Pepys was heavily involved in the government of the day — he was a naval administrator during the period he wrote the diary and later would become an MP. It is not hard to compare Pepys’ time of political upheaval and plague with our own time of Brexit and pandemic. If the Diary were to exist today it would be a little like Dominic Cummings keeping a private blog to record the arguments with his wife alongside the details of his work as Boris Johnson’s personal advisor. The real innovation of the diary was Pepys’ decision to record not just his professional activities and first hand accounts of events in London, but also his unsparing depiction of his own personal life.
In one particular respect Peyps comes out of his own account very badly, as alludes to his casual harassment and describes the outright exploitation of women in detail. His misdeeds line up pretty precisely with many of the reports that have come out during the #metoo era. He would take advantage both of the female servants employed in his home, other houses he was a guest at, and the young daughters in families he developed a half friendly, half patronage relationship with. A reader of Pepys’ diaries is left to deduce how the women might have really felt about Pepys’s behavior; present day accounts of exactly the same kinds of abuse provide a convincing answer.
Nothing happening today really feels at all novel when held up against the full perspective of history. We may look at the current culture wars, or the 5G and QAnon conspiracy theories, and wonder to ourselves what the world is coming to. Pepys was caught up in the Popish plot — a public hysteria based on the idea there was a Catholic conspiracy to overthrow Protestantism in England. Although he wasn’t Catholic, he had political connections to the King’s Catholic brother, and this led to a brief stint in the Tower of London.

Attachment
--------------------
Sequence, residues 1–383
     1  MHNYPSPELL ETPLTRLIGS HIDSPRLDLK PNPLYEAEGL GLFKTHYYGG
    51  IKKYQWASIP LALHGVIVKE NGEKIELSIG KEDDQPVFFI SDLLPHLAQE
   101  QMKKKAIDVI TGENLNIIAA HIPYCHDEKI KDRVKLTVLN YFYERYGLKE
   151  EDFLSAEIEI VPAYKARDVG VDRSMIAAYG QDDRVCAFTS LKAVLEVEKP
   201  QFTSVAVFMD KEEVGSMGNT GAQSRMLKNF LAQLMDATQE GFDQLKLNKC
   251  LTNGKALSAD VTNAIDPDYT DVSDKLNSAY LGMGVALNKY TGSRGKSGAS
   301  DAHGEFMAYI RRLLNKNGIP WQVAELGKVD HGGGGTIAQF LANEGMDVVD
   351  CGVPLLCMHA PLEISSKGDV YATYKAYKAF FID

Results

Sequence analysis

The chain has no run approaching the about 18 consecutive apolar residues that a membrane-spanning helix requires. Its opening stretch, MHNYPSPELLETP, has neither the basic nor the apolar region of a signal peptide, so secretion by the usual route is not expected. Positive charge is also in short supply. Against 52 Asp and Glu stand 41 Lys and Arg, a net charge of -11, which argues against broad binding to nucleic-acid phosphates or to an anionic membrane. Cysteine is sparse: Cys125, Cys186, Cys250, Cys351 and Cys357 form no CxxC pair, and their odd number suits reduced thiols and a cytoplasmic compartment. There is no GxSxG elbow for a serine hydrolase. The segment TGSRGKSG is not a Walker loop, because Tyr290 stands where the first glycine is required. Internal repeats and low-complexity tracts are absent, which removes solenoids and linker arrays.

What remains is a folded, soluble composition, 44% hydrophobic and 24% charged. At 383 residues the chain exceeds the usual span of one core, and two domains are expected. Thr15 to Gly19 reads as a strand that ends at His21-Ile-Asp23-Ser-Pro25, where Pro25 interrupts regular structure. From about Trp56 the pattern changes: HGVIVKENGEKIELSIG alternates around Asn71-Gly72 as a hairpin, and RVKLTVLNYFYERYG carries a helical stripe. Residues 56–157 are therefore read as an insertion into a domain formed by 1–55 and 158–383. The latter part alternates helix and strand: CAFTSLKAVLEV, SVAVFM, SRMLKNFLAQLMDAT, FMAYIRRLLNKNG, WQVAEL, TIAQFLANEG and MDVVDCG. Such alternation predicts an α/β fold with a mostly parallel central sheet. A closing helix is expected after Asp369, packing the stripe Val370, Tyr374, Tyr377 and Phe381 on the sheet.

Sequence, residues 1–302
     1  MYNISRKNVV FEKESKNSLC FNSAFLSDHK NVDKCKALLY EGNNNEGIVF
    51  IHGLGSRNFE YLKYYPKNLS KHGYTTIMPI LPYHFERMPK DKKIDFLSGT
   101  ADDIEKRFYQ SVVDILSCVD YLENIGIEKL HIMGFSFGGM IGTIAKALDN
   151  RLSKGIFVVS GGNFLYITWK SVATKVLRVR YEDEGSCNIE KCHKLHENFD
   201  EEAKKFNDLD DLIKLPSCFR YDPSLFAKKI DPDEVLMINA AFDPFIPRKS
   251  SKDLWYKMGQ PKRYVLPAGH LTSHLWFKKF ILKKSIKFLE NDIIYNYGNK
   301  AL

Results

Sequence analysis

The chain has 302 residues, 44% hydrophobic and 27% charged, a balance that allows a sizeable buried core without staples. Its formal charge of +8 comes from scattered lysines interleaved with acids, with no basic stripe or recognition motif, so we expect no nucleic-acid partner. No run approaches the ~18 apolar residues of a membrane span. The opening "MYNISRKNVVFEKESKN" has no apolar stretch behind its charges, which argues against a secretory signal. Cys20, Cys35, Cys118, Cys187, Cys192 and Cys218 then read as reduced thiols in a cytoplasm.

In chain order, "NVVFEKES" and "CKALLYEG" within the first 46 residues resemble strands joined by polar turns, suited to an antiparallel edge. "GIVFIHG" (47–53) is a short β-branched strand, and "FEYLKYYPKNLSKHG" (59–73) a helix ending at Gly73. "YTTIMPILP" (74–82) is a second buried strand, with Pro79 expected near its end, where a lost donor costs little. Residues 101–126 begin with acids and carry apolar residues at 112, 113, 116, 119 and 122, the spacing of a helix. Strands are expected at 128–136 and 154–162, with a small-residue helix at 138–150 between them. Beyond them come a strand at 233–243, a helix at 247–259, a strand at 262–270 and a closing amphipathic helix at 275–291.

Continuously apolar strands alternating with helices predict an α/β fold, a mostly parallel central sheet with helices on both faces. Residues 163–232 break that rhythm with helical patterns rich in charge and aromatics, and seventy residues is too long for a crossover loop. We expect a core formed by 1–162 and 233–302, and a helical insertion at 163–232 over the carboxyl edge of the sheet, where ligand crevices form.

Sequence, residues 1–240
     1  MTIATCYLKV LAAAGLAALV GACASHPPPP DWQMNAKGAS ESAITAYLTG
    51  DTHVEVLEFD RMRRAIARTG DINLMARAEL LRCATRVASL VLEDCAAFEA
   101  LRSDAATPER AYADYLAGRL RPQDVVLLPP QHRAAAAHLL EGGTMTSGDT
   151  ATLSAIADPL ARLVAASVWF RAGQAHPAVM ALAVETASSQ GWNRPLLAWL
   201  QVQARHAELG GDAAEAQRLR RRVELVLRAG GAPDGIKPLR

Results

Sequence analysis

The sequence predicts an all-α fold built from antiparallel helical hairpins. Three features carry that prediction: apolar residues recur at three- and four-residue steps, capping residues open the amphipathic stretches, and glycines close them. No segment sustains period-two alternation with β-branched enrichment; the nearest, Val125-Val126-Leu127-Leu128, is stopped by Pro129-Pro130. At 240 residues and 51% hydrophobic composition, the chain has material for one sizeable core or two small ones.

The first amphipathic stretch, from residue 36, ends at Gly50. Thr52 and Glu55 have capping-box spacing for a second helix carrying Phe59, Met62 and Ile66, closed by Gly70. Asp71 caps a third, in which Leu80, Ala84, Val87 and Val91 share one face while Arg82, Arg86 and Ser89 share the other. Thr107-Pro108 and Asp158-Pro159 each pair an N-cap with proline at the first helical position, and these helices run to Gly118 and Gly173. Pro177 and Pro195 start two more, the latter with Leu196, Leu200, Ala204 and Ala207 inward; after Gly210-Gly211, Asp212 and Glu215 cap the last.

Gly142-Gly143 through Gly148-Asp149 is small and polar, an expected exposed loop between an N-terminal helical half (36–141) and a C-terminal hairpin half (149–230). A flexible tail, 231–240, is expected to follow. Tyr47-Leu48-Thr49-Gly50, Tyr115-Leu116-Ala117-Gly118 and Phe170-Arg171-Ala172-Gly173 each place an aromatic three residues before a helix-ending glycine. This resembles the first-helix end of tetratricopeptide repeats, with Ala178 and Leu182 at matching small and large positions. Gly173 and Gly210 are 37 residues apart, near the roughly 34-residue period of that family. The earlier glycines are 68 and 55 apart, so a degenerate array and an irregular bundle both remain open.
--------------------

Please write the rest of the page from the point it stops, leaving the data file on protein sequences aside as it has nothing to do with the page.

The manner in which the sordid (or “convoluted” if you prefer a less pejorative term) details of the King’s personal life became a matter of public scrutiny feels very reminiscent of certain heads of state today.
The King’s policy of alliance with Catholic France was generally disliked. So was the fact that he had not only a Catholic wife but Catholic mistresses; some of Nell Gwyn‘s popularity came from her supposed merry declaration, ‘I am the Protestant whore.’Samuel Pepys – The Unequalled Self, by Claire Tomalin
Nell Gwyn had been a celebrity in her own right, aside from being one of the King’s many mistresses. The quote is provocative enough in its re-appropriation of the accusation that it feels quite modern – good enough for a T-shirt or twitter bio.
I’ve been doing remote classes and consultation sessions, so I’ve spent a lot of time with my old Wacom tablet. While it seems that many of my peers have opted for the iPad and tablet option, I think I much prefer having a desktop computer with a large LCD monitor set at the right height. It has been a long time since I drew any comics, but I decided to entertain the kids with the above doodle before class started.